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During the spread of the coronavirus epidemic in Italy, when there was a serious lack of ventilators, the Government’s “Slovenian Ventilator” initiative was joined by the UL Faculty of Electrical Engineering. Through exemplary collaboration with students, companies and experts from other institutions, a working prototype of a medical ventilator, called the “FEspirator”, was developed in record time.
At the University of Ljubljana Faculty of Electrical Engineering, on the initiative of Prof. Dr Marko Topič, head of the Electronics Department and the Laboratory of Photovoltaics and Optoelecronics (LPVO), in the final days of March 2020 a team was formed from staff at the Electronics Department and Mechatronics Department with the aim of developing the simplest ventilator possible, in collaboration with the Ljubljana University Medical Centre. Assoc. Prof. Dr Marko Jankovec, head of development for the “FEspirator”, included in the team his students, and with extraordinary speed they in turn teamed up with numerous Slovenian companies.
“We were aware of the risks and dangers of the epidemic, which was in an exponential stage of growth. The need for medical ventilators could have run into the thousands, which Slovenia did not have. We mapped out an investigative study practically in one day. Given the available time, which we estimated at a maximum of one month, and constraints on getting equipment delivered, we decided to use equipment already in Slovenia. Our concept was based on the use of BVM manual ventilators, which hospitals and health centres have in stock. We can develop the electronics, controls and sensors and add control, but without medical support, including technical support, it would not have been possible!” said Prof. Topič, describing the first few days. The development team also included Dr Bojan Kontestabil, specialist in anaesthesiology and reanimatology at the University Medical Centre Ljubljana, which served to enhance the team with medical skills and user needs from practical experience.
Also contributing to the FEspirator were partners from various Slovenian and foreign companies, headed by the ZAXCSS company. They helped source the necessary materials and put together the mechanical part of the ventilator, with Igor Stražišnik and Aljaž Žavrlan handling the overall production of the mechanical part of the device. Development of the FEspirator involved the participation of 7 associates from the LPVO and 6 electrical engineering students, with a total of more than 30 people putting in over 1,000 hours on this work.
“From 25 March to the first test, which was conducted at the University Medical Centre Ljubljana on 10 April, the Faculty of Electrical Engineering team worked literally day and night, without a break, on developing the medical ventilator. Most of the team worked from home, but when needed they came to the faculty, while I myself was at the faculty every day, putting together and testing the device, and sending various parts by post to colleagues so they could work on development at home. Some worked late into the night, others then continued the work very early in the morning through to the evening, and in this way they switched out so we worked practically 24/7. The team was truly in lockstep and showed team spirit and drive, and without that and the appropriate knowledge and external partners we could not have developed the appropriate prototype. We were driven on the whole time by the thought that if we can save one life, all our work will have been worth it,” said Assoc. Prof. Dr Jankovec about the development of a working prototype of the medical ventilator.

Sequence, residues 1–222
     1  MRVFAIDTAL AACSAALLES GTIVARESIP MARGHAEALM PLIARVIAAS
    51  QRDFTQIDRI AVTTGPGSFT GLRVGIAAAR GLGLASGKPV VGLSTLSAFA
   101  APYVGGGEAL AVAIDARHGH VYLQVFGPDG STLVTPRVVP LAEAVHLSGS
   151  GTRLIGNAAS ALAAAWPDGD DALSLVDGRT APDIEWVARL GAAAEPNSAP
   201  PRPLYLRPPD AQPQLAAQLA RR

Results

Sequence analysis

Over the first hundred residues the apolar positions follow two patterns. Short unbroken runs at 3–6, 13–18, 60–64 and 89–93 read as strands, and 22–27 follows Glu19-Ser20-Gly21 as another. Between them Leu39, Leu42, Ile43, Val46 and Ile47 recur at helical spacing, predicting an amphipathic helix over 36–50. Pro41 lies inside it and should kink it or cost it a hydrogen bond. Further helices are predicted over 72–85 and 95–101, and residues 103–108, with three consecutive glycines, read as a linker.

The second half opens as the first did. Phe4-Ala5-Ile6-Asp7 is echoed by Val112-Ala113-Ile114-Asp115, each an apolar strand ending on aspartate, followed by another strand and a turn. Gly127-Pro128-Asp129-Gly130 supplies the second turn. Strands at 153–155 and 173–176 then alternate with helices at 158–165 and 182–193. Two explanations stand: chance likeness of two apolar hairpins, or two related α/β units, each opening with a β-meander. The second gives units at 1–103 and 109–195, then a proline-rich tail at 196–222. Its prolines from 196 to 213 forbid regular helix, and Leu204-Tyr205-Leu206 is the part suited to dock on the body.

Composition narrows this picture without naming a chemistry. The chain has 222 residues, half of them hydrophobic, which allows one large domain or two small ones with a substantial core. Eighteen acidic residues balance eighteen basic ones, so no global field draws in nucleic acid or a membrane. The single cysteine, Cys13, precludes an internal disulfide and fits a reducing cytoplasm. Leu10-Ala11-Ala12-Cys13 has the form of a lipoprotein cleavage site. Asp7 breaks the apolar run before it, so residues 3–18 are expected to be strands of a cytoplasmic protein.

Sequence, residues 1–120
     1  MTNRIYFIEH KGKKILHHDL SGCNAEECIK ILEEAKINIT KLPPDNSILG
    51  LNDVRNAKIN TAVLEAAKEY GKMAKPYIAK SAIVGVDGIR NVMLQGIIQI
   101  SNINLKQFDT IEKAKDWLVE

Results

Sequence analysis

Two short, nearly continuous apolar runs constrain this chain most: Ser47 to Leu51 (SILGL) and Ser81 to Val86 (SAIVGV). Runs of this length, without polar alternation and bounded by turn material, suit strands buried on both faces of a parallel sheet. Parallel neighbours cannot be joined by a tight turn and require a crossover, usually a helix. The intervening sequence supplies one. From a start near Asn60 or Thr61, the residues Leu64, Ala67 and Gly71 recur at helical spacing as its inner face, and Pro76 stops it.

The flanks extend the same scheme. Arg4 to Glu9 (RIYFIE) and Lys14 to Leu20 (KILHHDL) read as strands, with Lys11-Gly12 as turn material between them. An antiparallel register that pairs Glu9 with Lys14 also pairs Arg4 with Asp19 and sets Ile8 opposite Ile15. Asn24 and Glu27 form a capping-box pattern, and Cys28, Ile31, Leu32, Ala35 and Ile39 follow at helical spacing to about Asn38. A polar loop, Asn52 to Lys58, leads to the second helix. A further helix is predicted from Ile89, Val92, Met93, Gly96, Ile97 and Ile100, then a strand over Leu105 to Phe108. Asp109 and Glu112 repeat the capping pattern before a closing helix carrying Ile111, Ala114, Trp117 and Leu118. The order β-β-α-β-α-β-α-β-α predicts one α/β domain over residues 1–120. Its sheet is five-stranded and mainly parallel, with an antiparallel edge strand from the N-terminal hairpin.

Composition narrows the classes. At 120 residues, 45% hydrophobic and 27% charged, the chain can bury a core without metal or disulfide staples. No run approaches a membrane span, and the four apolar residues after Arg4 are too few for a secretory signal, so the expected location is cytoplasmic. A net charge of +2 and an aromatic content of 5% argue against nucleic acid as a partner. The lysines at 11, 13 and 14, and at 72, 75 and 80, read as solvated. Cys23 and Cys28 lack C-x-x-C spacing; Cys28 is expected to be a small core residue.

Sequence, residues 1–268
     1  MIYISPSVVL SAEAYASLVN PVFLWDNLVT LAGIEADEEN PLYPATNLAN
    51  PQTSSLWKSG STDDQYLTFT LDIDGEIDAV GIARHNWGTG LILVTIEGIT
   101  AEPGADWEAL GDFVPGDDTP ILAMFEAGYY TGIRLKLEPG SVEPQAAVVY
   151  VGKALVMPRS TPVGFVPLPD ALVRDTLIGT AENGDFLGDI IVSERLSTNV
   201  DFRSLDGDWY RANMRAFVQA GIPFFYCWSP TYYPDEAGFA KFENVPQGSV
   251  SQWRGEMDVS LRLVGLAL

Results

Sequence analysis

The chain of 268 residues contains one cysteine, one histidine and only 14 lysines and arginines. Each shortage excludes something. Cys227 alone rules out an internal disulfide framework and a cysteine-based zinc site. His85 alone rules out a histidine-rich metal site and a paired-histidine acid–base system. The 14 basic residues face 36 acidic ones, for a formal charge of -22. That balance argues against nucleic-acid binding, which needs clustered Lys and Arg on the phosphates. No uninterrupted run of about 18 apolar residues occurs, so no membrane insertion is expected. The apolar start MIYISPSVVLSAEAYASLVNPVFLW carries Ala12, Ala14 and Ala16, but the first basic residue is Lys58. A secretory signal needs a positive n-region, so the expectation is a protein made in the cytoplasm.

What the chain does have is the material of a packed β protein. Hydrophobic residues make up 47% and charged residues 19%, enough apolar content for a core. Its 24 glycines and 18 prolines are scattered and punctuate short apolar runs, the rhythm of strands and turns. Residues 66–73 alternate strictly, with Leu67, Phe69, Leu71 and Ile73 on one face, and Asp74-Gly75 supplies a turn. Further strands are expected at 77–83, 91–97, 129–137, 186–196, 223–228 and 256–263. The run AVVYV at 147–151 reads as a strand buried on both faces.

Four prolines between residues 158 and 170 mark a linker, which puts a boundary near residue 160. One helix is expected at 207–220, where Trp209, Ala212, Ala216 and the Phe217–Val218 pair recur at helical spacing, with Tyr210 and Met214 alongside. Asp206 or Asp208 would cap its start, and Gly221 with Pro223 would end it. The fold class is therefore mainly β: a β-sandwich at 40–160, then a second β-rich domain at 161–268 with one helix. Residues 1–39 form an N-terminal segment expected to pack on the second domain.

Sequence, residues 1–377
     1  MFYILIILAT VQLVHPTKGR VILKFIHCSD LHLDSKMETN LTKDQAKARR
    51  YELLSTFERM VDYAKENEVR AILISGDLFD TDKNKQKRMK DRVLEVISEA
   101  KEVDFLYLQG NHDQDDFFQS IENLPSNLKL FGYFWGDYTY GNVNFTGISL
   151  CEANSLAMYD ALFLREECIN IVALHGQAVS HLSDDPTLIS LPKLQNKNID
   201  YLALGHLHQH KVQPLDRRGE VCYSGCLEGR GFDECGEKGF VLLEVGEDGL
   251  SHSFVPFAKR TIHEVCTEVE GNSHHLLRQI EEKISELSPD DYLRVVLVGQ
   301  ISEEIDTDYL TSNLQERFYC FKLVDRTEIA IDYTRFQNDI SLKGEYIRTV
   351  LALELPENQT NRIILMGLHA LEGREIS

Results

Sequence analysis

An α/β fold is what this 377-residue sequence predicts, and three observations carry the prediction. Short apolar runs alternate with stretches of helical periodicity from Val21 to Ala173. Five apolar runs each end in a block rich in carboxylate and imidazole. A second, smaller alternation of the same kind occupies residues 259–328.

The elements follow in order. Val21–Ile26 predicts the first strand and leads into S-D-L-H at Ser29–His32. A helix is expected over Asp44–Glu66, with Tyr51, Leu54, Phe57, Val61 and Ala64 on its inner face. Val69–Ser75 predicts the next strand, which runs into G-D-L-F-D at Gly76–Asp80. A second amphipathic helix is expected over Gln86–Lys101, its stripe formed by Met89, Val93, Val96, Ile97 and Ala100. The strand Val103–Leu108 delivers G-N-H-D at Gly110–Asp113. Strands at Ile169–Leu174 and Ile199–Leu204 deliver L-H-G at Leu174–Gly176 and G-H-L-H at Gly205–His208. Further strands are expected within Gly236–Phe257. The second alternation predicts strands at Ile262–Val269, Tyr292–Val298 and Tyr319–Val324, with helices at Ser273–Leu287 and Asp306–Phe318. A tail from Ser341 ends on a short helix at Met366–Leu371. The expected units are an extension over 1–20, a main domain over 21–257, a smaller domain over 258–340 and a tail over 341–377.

After the second test of the already perfected FEspirator prototype at Ljubljana University Medical Centre (UMC) on 24 April 2020, the head of the UMC Expert Committee, Asst. Prof. Dr Tomislav Mirković, M.D. assessed the FEspirator as follows: “The concept of the mechanical ventilator at first generated doubts because of its simplicity, but the development team from the Faculty of Electrical Engineering and its partners created a successful prototype in one month. I am inspired by the commitment of everyone who took part and by this successful development in such a short time. The FEspirator fully met all the test criteria and demonstrates practically all the functionalities of professional ventilators. I could not imagine that you could take a respiratory balloon – which is the heart of this ventilator – and make a ventilator that attains roughly all the functionalities of professional ventilators. If I was grading it with points from 1 to 10, the FEspirator definitely scores 11.”
The FEspirator is a prime example of cooperation between the academic and business spheres, and also between different institutions. Everyone that participated showed that through collaboration it is possible to achieve even better and faster results, to arrive at common advances or even to help in crisis situations, where there is a need to save lives.
The developed FEspirator prototype is distinguished by innovative solutions and advanced algorithms for numerous functionalities typical of professional medical ventilators. These include rapid and precise pressure regulation, automatic sensing of breathing and multi-stage alarms. In this way the device exceeds the threshold of being a breathing aid and comes close to professional ventilators. The device is therefore ready now to start saving lives.